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Archaeologists find bones of dozens of mammoths in Mexico

The remains were discovered at the old Santa Lucia military air base, north of Mexico City.

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In this undated photo released on May 21, 2020 by Mexico’s National Institute of Anthropology and History (INAH), an archaeologist works at the site where bones of about 60 mammoths were discovered at the old Santa Lucia military airbase just north of Mexico City. Institute archaeologist Pedro Sánchez Nava said the giant herbivores had probably just got stuck in the mud of an ancient lake, once known as Xaltocan and now disappeared. (INAH via AP)

In this undated photo released on May 21, 2020 by Mexico’s National Institute of Anthropology and History (INAH), an archaeologist works at the site where bones of about 60 mammoths were discovered at the old Santa Lucia military airbase just north of Mexico City. Institute archaeologist Pedro Sánchez Nava said the giant herbivores had probably just got stuck in the mud of an ancient lake, once known as Xaltocan and now disappeared. (INAH via AP)

In this undated photo released on May 21, 2020 by Mexico’s National Institute of Anthropology and History (INAH), an archaeologist works at the site where bones of about 60 mammoths were discovered at the old Santa Lucia military airbase just north of Mexico City. Institute archaeologist Pedro Sánchez Nava said the giant herbivores had probably just got stuck in the mud of an ancient lake, once known as Xaltocan and now disappeared. (INAH via AP)

Archaeologists have found the bones of about 60 mammoths at an airport under construction north of Mexico City, near human-built “traps” where more than a dozen mammoths were found last year.

Both discoveries reveal how appealing the area — once a shallow lake — was for mammoths.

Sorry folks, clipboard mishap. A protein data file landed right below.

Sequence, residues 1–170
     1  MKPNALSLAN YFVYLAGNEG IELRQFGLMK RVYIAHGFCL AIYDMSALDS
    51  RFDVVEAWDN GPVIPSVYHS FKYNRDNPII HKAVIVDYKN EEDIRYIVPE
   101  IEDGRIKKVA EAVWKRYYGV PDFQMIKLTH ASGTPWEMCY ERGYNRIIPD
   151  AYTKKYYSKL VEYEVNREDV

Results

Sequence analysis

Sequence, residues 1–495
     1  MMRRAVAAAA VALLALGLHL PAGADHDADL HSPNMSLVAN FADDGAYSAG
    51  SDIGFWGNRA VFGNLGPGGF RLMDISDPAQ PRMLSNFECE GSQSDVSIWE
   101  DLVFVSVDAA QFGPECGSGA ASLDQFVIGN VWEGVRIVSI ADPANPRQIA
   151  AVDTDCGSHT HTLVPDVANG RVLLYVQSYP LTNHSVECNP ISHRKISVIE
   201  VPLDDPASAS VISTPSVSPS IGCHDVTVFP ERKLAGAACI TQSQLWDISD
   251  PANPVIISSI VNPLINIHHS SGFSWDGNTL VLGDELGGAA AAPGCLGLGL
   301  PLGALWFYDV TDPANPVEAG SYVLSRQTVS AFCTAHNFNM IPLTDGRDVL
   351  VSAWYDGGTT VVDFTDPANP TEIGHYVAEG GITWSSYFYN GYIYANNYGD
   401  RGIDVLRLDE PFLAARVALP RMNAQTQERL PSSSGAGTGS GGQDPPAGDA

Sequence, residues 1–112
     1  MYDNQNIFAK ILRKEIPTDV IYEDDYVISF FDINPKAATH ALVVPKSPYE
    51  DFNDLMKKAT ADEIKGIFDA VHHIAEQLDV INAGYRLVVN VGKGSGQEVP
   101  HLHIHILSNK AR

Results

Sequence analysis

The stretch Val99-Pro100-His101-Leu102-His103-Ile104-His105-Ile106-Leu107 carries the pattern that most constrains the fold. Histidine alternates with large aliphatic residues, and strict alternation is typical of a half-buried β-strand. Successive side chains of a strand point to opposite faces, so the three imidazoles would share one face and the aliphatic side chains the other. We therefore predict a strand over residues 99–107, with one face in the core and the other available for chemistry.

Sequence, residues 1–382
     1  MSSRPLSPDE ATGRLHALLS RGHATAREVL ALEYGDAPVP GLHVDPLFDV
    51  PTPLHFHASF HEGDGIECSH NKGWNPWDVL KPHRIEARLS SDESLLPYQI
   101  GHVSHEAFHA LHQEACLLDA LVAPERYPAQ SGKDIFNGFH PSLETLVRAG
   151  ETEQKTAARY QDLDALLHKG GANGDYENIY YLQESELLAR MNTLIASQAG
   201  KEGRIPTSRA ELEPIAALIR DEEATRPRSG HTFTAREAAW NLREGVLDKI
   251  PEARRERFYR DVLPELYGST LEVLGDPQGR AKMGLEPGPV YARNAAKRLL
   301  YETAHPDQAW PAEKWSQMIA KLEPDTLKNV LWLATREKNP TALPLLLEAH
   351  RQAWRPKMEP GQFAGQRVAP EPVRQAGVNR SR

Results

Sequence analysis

The National Institute of Anthropology and History said there was no immediate evidence that the 60 newly discovered mammoths at the old Santa Lucia military air base had been butchered by humans.

Institute archaeologist Pedro Sanchez Nava said the giant herbivores had probably just got stuck in the mud of an ancient lake, once known as Xaltocan and now disappeared.

But the bones will be subject to further study, because Mr Sanchez Nava said humans might have carved up the mammoths once they got stuck.

About 15 human burials with simple offerings were found nearby, but they probably dated from around 500 to 1,000 years ago, long after the mammoths had disappeared.

That was different from the mammoth pits found in the hamlet of San Antonio Xahuento, about six miles away, where two human-built pits were dug 15,000 years ago to trap mammoths, which were apparently plentiful in the area and apparently could not clamber out.

The pits were found during excavations on land that was to be used as a rubbish dump. They were filled with bones from at least 14 mammoths, and some of the animals appeared to have been butchered.

The institute said hunters may have chased mammoths into the traps. Remains of two other species that disappeared in the Americas — a horse and a camel — were also found.

The work on the airport started late last year, and Mr Sanchez Nava said the existence of mammoth remains had long been suspected there.

He said nothing had been found that would require halting work on the airport project, in which the old military base is being converted into a civilian terminal.

PA